A quarterly ezine by a community of writers, poets and artists.

    Issue 50 - March 2020

Dear readers,

All I can say is WOW, 50 issues!!! When I started NewMyths I had no expectations of it going this long.

Hopes, yes, but no expectations. Indeed, without the generous support of numerous people the magazine would never have made it. So first of all I want to thank our current editors: Susan Shell Winston—without whom none of this would be possible; Marta Tanrikulu—keeping Susan and me on track; and Candyce Byrne—guiding the book reviews toward a more stable and useful tomorrow; and all the slush readers, assistant editors, and editors over the years who have stepped forward—often for nothing more than a “thanks”—to keep the magazine going. A partial list appears under the About/Contact tab, but I know I’ve forgotten a few. The alumni of Odyssey need a special shout out for doing more than their share.

Now to our contributors and readers. Without you, this magazine is nothing. While we have published some great works over the years, we recognize that something is lagging. And that something is community. So we are working on ways to make NewMyths more than just a magazine, but to turn it into a giant collaboration that will benefit us all, the lovers of speculative fiction and the creators of speculative fiction. Over the next few months our newsletter will begin to outline our plans.

I don’t want to make this intro too long or spoil any surprises, so stay tuned. And now on to our stalwart editor, Susan…

-Scott T. Barnes, March 15, 2020


I would like to add my thanks to all our readers and contributors. You've made NewMyths what it is today!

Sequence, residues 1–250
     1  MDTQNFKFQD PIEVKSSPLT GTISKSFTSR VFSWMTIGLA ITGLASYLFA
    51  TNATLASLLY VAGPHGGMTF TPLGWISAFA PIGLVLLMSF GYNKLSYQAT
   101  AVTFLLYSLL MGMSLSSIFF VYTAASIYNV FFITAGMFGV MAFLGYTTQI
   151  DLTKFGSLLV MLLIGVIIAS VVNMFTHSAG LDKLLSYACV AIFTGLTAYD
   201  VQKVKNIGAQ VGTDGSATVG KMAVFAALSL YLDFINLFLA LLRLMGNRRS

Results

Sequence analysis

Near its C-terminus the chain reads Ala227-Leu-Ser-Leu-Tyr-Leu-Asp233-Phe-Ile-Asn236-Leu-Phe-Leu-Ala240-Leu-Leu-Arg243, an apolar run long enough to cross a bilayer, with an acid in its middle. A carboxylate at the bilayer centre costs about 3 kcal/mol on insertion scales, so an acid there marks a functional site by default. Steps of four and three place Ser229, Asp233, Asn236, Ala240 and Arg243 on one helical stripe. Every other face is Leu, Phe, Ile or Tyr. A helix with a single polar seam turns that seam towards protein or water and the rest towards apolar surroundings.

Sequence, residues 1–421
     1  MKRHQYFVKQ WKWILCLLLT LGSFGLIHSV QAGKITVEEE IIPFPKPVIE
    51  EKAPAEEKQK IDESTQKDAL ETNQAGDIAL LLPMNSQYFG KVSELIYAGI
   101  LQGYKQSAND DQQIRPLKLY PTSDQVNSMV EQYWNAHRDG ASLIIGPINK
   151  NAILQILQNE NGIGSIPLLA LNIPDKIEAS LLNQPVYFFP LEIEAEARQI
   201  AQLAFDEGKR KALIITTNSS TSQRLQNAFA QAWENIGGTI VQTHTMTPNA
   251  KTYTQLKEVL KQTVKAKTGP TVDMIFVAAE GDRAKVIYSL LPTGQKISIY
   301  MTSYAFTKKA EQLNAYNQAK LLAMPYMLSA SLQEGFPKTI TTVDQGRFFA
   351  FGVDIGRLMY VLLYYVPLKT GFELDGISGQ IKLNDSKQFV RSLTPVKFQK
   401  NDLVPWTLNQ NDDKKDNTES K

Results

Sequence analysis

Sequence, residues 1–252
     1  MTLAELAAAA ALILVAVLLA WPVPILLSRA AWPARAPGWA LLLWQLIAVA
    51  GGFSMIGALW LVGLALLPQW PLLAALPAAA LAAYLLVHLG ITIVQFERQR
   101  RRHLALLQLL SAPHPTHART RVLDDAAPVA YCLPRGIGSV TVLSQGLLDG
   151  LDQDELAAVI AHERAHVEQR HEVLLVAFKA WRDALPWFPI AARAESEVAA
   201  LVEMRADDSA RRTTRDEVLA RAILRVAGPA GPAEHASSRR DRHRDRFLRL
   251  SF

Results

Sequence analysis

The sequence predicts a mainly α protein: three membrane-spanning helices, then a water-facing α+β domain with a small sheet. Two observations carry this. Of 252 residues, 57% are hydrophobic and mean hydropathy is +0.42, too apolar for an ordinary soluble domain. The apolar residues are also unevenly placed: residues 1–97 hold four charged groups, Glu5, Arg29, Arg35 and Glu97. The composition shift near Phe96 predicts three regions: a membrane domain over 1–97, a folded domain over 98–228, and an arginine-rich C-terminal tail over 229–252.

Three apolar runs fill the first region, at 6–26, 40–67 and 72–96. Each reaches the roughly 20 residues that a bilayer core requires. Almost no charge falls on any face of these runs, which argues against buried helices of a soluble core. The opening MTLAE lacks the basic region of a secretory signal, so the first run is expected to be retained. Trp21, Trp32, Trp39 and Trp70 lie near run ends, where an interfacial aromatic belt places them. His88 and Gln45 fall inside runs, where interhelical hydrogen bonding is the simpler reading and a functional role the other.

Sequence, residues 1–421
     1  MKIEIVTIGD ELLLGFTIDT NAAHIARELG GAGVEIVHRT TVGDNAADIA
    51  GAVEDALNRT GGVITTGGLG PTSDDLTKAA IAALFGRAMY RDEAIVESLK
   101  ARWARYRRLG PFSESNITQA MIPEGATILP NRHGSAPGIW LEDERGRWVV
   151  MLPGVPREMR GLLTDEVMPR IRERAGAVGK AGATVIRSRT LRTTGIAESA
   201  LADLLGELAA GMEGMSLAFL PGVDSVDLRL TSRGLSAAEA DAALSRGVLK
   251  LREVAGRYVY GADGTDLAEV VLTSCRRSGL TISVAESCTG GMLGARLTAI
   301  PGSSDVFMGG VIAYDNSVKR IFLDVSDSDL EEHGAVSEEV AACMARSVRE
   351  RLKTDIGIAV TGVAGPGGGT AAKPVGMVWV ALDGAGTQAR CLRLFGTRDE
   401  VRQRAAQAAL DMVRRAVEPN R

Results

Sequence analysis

And a special note of thanks and congratulations to two of our contributors whose poems last year have been nominated for the Rhysling Award—to Gerri Leen for "Why Not?" in Issue 49, December 2019, and to Mary Soon Lee for "How to Colonize Ganymede" in Issue 48, September 2019. 

In other news, here at NewMyths, we've started collecting stories and poems for our third anthology due out next year, NeoSapiens. Full of androids developing self-awareness, animals evolving sentience, aliens watching us, and mythical beings hiding among us, each getting their chance to tell us:  Move out of our way, humans, you are no longer the only smart kids on the block.

And here in our 50th issue, we offer you a sampling of a few of our new NeoSapien stories that have come in. I hope you enjoy reading them as much as we did.

---Susan Shell Winston, issue editor

Table of Contents


Spun of Salt and Stone by Deborah L. Davitt
The weighted spindle dropped from her hand, whirling, while her practiced fingers fed it golden strands of flax from the distaff. Tears prickled at her eyes. They tasted like salt, like blood, but blood had power, and tears had none  

A Fairy Tale by Melanie Harding-Shaw
The quiet of the night was broken by the whirring of tiny wings on two figures flying across thRe room. They would have looked a lot like winged snakes if it weren’t for their clawed arms and legs and human-like heads.